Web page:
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Commentary on the Adding Individual Psychotherapy After Relapse in a Pharmacotherapy Trial: Commentary on the PREDICT Study

Authors

  • Allen Zweben

    Corresponding author
    1. School of Social Work, Columbia University, New York, New York
    • Reprint requests: Allen Zweben, PhD, Professor, School of Social Work, Columbia University, 1255 Amsterdam Avenue, New York, NY 10027; Tel.: 212-851-2387; Fax: 212-851-2205;

      E-mail: az173@columbia.edu

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Abstract

Background

With few exceptions there has been a dearth of research evaluating the independent and combined effects of a promising medication and an effective behavioral intervention for alcohol problems. Few studies have incorporated both theory and empirical findings to ascertain how the combination of medication and behavioral intervention interact or work synergistically to produce better outcomes or why a particular combination of pharmacological and behavioral treatment works better than another combination or either of the interventions employed alone.

Methods

The PREDICT Study is one of the few pharmacotherapy trials that has utilized a behavioral intervention to reduce/delay relapse to heavy drinking. The findings in the PREDICT Study were reviewed to gain a better understanding of how the combination of pharmacotherapy and behavioral intervention can be employed to manage the course of recovery for individuals with alcohol use disorders (AUDs).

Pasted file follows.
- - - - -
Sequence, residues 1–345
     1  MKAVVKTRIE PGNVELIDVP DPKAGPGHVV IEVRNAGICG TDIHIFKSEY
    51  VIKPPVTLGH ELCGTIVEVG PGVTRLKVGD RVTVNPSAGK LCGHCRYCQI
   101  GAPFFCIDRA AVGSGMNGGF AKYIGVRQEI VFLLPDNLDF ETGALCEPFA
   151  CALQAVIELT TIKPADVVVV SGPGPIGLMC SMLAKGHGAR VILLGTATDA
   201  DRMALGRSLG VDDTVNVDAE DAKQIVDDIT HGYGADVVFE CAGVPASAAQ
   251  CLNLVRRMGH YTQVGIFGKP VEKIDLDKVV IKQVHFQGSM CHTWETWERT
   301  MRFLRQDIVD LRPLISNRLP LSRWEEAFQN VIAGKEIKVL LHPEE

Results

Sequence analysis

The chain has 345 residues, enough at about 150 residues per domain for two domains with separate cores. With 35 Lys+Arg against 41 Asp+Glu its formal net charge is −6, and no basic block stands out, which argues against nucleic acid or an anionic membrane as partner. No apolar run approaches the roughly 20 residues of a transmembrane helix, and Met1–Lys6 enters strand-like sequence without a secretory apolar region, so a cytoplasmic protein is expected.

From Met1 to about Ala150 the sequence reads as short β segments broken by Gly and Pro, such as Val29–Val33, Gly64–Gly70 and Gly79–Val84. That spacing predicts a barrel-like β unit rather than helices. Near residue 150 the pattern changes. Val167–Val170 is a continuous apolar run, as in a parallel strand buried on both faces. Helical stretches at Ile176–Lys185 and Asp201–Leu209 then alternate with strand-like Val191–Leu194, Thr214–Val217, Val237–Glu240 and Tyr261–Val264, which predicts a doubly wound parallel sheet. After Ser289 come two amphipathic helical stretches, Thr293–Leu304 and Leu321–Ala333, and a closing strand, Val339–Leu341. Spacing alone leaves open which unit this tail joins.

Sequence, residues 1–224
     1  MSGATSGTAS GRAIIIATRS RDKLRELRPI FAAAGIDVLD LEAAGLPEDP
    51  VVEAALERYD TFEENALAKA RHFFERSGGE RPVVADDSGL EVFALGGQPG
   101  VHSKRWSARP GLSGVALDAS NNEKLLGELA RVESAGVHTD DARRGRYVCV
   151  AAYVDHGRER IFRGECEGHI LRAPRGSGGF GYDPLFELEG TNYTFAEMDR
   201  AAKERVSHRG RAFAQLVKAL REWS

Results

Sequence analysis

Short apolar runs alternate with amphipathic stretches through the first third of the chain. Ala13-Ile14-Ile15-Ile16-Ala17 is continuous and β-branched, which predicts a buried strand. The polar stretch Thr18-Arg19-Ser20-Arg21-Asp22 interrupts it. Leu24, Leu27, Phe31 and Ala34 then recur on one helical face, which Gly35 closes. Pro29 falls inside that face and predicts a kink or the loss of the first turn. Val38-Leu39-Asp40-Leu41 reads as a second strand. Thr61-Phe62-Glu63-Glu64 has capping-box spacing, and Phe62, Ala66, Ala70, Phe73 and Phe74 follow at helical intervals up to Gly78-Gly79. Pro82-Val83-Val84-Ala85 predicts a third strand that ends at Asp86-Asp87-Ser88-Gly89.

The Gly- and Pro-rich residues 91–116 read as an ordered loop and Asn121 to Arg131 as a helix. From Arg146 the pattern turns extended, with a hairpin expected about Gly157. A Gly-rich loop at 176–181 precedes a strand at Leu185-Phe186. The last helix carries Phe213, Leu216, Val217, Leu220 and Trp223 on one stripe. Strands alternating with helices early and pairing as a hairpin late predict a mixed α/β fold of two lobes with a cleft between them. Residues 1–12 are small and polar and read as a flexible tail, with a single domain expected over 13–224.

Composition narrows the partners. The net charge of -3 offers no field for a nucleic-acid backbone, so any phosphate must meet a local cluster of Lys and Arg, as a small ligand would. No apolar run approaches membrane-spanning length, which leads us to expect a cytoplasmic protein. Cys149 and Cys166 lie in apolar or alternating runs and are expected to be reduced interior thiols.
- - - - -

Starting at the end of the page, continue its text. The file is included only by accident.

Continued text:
Results

Findings in the PREDICT Study show that behavioral interventions and pharmacotherapies have complementary functions that can be utilized to address the differential needs, capabilities, and resources associated with AUDs. However, researchers were forced to rely mainly on their own clinical experiences rather than an overarching conceptual model in determining how the approach should be employed with AUD patients, thereby limiting the conclusions that could be drawn from the study findings.

Conclusions

Different vulnerabilities underlying AUDs should be considered in determining what kinds of behavioral interventions should be paired with particular medications. At the same time, we need to have a better understanding of the clinical course of pharmacobehavioral treatment to deal with the array of problems/situations that arise over the course of combination therapy.

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